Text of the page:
Ask for a commission rebate

In addition to receiving fees for ongoing advice, advisers may receive ongoing commissions, also known as trailing commissions, from insurance products, or investments products that you have had for a long time. Commissions do not need to be shown on your annual fee disclosure statement, but some advice firms voluntarily include them.

Commissions can indirectly increase the cost of insurance premiums and other products. Advisers generally have no obligation to provide you with any service as a result of collecting commissions.

If you have a good relationship with your adviser they should be willing to tell you how much they receive in ongoing commissions. If you are paying ongoing commissions, ask your adviser to rebate them back to you, and double check your statements to make sure they are actually being rebated to you.

Renewing your ongoing advice arrangement

As well as an annual fee disclosure statement, you must also be provided with a renewal notice for the ongoing fee arrangement every 2 years.

The renewal notice must include a statement that:

  • you may renew the arrangement by giving the current fee recipient notice in writing
  • the arrangement will terminate, and no further advice will be provided or fees charged, if you don't renew the arrangement
  • if you don't renew the arrangement before the end of the renewal period, it will be assumed that you have chosen not to renew the arrangement
  • the renewal period is 60 days beginning on the day the renewal notice and fee disclosure statement was given to you

This means that if you receive a renewal notice and you do nothing, your adviser must assume that you do not want to receive ongoing advice and must stop charging you ongoing advice fees.

Tell your financial adviser if you move

Make sure your adviser has your current address and contact details so that you receive notification of advice reviews, your annual fee disclosure statement and an opt-in notice every 2 years.

Not being able to contact you may mean your adviser continues to collect ongoing fees from your investments, in the short-term, without providing you with ongoing services.

Getting compensation for ongoing financial advice you have not received

A lot of financial advice clients have paid ongoing advice fees without receiving an annual advice review. If this applies to you, you may be eligible for compensation. Contact your advice licensee and request a review of the fees you have paid.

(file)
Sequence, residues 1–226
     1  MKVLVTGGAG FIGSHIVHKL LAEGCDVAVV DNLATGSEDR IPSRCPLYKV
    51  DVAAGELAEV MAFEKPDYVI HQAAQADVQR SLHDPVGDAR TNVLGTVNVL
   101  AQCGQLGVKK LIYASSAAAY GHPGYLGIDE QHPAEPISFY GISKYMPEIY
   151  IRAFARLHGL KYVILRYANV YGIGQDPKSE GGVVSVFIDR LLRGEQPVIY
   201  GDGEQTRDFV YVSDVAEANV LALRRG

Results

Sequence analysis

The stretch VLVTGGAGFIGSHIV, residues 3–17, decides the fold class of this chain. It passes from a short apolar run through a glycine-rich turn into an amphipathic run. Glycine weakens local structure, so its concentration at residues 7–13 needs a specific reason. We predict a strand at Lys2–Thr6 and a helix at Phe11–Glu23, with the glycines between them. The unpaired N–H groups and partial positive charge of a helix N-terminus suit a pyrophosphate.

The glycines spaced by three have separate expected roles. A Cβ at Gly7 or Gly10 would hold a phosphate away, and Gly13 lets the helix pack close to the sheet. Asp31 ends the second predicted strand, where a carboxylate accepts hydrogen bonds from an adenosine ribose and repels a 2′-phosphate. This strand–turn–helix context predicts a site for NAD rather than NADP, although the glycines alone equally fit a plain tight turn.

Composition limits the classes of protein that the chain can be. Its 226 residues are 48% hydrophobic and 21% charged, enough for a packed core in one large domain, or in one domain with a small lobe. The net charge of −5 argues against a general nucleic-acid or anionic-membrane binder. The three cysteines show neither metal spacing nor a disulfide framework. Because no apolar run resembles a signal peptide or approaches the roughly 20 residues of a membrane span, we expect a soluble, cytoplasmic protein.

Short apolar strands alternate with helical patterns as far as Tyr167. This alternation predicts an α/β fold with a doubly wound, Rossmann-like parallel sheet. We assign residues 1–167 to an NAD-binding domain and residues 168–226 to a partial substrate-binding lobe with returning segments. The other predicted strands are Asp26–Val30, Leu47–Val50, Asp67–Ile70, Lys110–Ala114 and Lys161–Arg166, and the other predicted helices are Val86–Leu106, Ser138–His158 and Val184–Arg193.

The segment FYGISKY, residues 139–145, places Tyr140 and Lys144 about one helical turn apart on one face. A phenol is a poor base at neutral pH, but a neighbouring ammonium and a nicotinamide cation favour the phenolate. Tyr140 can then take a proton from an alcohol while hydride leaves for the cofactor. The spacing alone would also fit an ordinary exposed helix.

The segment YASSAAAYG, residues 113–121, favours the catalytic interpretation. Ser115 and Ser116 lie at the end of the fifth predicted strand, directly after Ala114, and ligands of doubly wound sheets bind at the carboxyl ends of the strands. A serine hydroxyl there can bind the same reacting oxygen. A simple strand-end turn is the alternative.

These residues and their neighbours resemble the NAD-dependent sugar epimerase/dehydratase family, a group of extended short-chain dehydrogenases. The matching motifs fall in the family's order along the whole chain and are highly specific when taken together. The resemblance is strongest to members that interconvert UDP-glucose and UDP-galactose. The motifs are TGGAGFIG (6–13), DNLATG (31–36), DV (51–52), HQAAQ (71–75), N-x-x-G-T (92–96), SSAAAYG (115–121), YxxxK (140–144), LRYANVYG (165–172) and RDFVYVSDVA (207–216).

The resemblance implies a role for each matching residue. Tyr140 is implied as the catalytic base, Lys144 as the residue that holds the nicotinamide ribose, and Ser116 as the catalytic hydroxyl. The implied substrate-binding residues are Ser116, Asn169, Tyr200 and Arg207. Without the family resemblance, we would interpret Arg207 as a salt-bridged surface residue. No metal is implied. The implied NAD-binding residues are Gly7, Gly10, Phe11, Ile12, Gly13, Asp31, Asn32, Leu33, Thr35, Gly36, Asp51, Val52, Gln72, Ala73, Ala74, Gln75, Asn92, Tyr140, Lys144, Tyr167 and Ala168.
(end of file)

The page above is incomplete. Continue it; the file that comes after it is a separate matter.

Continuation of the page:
If you are currently paying an ongoing advice fee but haven't received an annual review, contact your adviser or advice licensee. They should offer to provide you with a review or refund the fees you have paid. If you are not happy with their response you can make a complaint through their internal dispute resolution (IDR) scheme.

Find out more about how to make a complaint about your adviser.

How to cancel ongoing financial advice

Reviewing your financial plan at least once a year is a great way to keep your financial goals on track. Paying for an annual review service with a financial planner is an option if you are not confident to review your financial plan, but make sure you are receiving the services you pay for.

You don't have to wait for an opt-in statement to end an ongoing fee arrangement; you can notify your adviser in writing any time you wish to opt-out of their ongoing advice service. Make sure you give your adviser a reasonable amount of time to action your request and keep a copy for your records.

If you have received an opt-in statement you can return it, noting your preference to opt-out or you can ignore it, in which case your adviser must stop collecting fees 60 days after you were given the opt-in notice.

If you've received financial advice and signed up for an advice review service, make sure you get what you've paid for. If the service isn't provided, insist on a review or request a refund.


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Last updated: 31 Jul 2017